Bruce Brammall, The West Australian, 30 July, 2018
We’re a bit of a laughing stock, aren’t we? Some 10 years after the GFC and our little first world country’s stock market is still underwater.
How embarrassment. Pathetic. The ASX/200 peaked around 6828 points and we’re still sitting around 6250 – still about 8.5 per cent shy of that pre-GFC record.
Should we be ashamed to show our heads in public? Well, no, we’re Aussies. And dammit, we’re pretty good at everything.
Including paying dividends. Every year, Australia is at, or near, the top of the global table when it comes to paying out dividends.
This is a good thing and a bad thing. It’s great to get the income, but we might spend it.
If you had reinvested those dividends straight back into your investments, then despite the GFC, your share-based investments would be up more than 50 per cent since the GFC.
And it actually gets even better for some.
If you had reinvested the franking credits – the tax credits associated with franked dividends – then your 2007 investment would have nearly doubled. (Franking credits have been a particular benefit for low-income earners, super funds and pension funds.)
There’s a lesson in that. Obviously. Actually, there are dozens, but I’m going to focus on just five.
First: investing is a lifelong, yearly or monthly, habit.
Only one in a squillion people strike it rich from a single, one-off, investment. So, your chances of being one of them are, let’s say, remote. (And buying lotto tickets does NOT qualify as an investment.)
The most successful regular investors are those that start investing their money young and add to their investments every year.
It might be as simple as having a monthly contribution to an investment portfolio, or salary sacrificing into super (particularly as you approach retirement).
For others, it might be bigger and more complex, such as buying an investment property every few years, while also building a portfolio of equities.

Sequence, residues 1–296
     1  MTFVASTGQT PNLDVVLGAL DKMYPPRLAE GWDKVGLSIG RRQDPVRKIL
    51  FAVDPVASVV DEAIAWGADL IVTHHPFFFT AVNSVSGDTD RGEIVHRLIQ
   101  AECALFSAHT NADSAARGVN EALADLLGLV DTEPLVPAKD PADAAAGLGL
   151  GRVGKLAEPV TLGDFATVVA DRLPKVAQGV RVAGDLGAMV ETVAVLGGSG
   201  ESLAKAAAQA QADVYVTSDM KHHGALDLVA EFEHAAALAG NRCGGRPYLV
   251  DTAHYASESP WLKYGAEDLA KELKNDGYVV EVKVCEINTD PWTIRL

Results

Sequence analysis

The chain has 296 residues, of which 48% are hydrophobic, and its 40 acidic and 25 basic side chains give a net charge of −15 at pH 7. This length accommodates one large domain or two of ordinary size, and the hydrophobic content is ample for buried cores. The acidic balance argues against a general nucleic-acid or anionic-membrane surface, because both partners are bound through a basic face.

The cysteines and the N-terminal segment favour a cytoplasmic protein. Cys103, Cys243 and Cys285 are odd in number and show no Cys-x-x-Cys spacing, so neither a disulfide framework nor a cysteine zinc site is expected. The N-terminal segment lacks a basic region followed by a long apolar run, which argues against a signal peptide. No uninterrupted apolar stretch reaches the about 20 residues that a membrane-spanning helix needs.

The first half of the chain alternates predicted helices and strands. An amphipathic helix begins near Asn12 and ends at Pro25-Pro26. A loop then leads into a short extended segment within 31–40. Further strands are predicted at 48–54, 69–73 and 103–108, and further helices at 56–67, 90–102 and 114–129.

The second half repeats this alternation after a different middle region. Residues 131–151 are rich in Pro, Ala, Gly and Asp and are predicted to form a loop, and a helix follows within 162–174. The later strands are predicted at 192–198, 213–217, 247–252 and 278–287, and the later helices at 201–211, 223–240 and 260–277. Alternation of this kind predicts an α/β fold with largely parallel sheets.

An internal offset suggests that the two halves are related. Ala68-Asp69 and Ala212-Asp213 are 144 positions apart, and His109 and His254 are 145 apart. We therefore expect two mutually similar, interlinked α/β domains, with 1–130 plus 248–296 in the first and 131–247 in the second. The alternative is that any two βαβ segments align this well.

Go down to the library. Borrow the investment classic “The Richest Man in Babylon” by George S Clason. Spend a few hours reading it. It will all become crystal clear.
Second: The easiest benefits from investing come from the power of compounding. Each year, your investment growing on itself. Initially, a 10 per cent return on $100 is $10. Later on, a 10 per cent return on $200 is $20.
Or the property that you bought back in the late 90s for $100,000 that is worth $500,000 now and, if markets move 10 per cent this year, will stack on another $50,000 this year (or half your initial investment).
Where you can, reinvest the income from your investment. If you’re receiving distributions or dividends, and you don’t need the income to meet living expenses, put it back into your investment portfolio.
Income returns from many investments can average 3 to 6 per cent. Reinvesting that income will add up quickly. Well, by quickly in investment terms, I mean a decade or so.
This is how your superannuation works. Your super fund not only receives contribution income from your employer, but it also receives, and reinvests, the income paid from its investments.
And this is how those invested at the peak of the market in 2007 have seen their investments grow by 50 or 100 per cent since, despite the crash.
Fourth: Make it automatic.
If you’re going to invest on a regular basis, set it up so it’s automatic and not up to you to make the decision. Set up a direct debit to transfer the money, every month, directly into your investment. It’s far more likely to happen.
Again, this is how your super works its miracles. Your employer’s contributions arrive without you thinking about it and are automatically invested, as is the income your fund generates.
Become the “automatic investor”. Take the pressure off yourself having to make a decision each month.
Fifth: It’s not rocket science. You don’t have to be an investing genius.
If you don’t feel comfortable picking your own investments, you’ve got two options. Get a financial adviser to help you to understand and invest in markets. Or, buy an index fund, preferably one that meets your risk profile (you’ll find free risk profiles online) with a spread of investments.